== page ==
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The Tavern is more than just a breathtaking view

Albany Herald Guest Columnist Loran Smith

Albany Herald Guest Columnist Loran Smith

HELEN - Jimmy Harris, the gentleman proprietor of Unicoi Outfitters, didn’t have to extend his invitation but once: “Why don’t you come up for lunch and spend an afternoon on the Chattahoochee?”

We did have one business item on the agenda-planning a fly fishing outing with Phil Niekro, the Braves Hall of Fame pitcher, next week. A lady I am very close to asked in all seriousness, “Are you driving to Helen to have lunch and plan a fly fishing outing a week from now?” It didn’t take long to forge an acceptable answer, and I became filled with exuberance as I made my way up to Gainesville and Cleveland, leisurely following Georgia 75 to my destination.

Though Helen missed out on an opportunity to be a classic place to explore by allowing all too many places to sell nothing but trinkets and glittering junk (regrettably, it has also embraced tattoo parlors), it still has some places where I am anxious to hang out.

The best of Helen is what I call “South Helen,” which is where Unicoi Outfitters, Nora Mill Granary, Habersham Winery, and a couple of popular restaurants-Nacoochee Grill and Nacoochee Village Tavern-are worth frequenting. The latter is where Jimmy and I had lunch. You don’t take a seat at the Tavern if you are looking for a five-course meal. It is a place for pizza, sandwiches, and snacks. The helpings are large and filling.

Its signature dish is freshly popped popcorn. You hardly take your seat before a pretty waitress named Sally Pundt, who grew up in Marietta, places popcorn before you. When it is gone, you don’t have to ask for a refill-she replenishes your bowl before the last bite is taken.

I guess I like places like the Tavern because good folk seem to hang out there. People who have affection for the land, the hills, and the river. If you have been in close proximity of the Chattahoochee, which has its beginning just a ways up the mountain from here, and have the audacity to suggest that you have “been there and done that”. . . . Well, it’s not treason, but I’d say you ought to schedule a visit with a shrink, because something’s wrong with you.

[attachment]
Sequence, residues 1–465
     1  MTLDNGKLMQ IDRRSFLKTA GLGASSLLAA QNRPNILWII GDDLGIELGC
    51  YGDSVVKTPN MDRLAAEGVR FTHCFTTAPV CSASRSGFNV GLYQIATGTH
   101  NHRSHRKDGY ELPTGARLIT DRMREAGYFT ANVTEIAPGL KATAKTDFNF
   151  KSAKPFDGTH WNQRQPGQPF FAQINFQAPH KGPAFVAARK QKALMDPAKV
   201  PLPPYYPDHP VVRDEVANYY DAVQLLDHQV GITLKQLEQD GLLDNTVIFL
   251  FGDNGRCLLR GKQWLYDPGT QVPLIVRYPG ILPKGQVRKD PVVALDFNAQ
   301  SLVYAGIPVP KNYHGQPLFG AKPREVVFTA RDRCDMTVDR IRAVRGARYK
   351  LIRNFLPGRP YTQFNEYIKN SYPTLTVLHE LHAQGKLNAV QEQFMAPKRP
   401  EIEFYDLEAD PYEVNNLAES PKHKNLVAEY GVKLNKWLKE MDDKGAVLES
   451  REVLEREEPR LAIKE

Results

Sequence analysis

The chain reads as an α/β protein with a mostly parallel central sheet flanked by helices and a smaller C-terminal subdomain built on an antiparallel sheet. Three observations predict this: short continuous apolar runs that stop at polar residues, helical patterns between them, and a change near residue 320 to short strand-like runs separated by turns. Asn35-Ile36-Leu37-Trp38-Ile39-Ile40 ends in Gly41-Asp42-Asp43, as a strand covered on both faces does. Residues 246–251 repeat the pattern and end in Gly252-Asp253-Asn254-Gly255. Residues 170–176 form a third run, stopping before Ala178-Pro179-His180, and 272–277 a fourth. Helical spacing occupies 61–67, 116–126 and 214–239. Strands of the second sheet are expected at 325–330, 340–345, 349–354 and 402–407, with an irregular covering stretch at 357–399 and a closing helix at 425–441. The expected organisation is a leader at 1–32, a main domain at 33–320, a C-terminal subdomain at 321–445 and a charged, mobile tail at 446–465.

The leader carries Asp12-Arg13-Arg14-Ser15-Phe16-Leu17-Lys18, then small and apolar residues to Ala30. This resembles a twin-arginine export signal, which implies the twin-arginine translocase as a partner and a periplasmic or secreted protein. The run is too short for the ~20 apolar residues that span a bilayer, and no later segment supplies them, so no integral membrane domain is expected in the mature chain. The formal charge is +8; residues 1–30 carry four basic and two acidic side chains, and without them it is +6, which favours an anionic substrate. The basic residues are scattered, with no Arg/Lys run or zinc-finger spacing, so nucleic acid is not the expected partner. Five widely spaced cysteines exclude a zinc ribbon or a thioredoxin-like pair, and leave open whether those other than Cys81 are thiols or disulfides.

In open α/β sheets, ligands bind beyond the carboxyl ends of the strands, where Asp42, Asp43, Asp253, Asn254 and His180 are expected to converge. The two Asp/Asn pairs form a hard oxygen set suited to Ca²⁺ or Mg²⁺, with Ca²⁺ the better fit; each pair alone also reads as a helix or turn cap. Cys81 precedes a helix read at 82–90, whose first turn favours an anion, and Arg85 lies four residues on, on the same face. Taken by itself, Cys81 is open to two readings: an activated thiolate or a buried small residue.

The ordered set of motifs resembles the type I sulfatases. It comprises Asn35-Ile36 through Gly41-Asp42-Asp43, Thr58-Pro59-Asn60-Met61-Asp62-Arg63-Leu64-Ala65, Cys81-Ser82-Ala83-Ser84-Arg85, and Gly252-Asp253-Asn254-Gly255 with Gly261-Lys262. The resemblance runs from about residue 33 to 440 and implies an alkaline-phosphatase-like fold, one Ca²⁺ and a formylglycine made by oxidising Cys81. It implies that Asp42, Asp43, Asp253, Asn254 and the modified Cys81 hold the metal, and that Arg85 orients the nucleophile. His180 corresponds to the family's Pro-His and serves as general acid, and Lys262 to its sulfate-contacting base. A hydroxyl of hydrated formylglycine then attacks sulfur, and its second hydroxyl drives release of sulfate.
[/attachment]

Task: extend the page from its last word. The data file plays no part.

While we were enjoying lunch, I saw a man who obviously is getting social security checks. He had on overalls, he was baldheaded, and he was drinking a beer. Right beside him was a sign which read, “Beer: so much more than just a breakfast drink.”

While I would be the last person to recommend beer for breakfast, I did find that amusing. You might conclude that mountain folk are different, and I would suggest you are right-but they are in a way that I have never found offensive. Just different.

What I appreciate most about the Tavern and its interesting atmosphere and short orders is the view. Out beyond the attractive patio stand brushy hardwoods that camouflage the wondrous and refreshing Chattahoochee.

Also, something to appreciate about this charming restaurant is the signage which decorates the walls. Over the wine rack at the Tavern is a sign that says, “No credit, now or ever,” and you have to believe that the proprietor, Paul Rampulla, is quite serious about that.

Another one proclaims, “We do not take reservations or call-ahead seating ever for anyone. We are first come, first seated, first served. All of our customers are equally important.”

The one I like best was a bumper sticker on a pickup truck parked out front of the Tavern: “Stamp out Global Whining.” What can we do to honor and assist the author of that prose?

Loran Smith is affiliated with the University of Georgia and can be reached via e-mail at loransmithathens@bellsouth.net.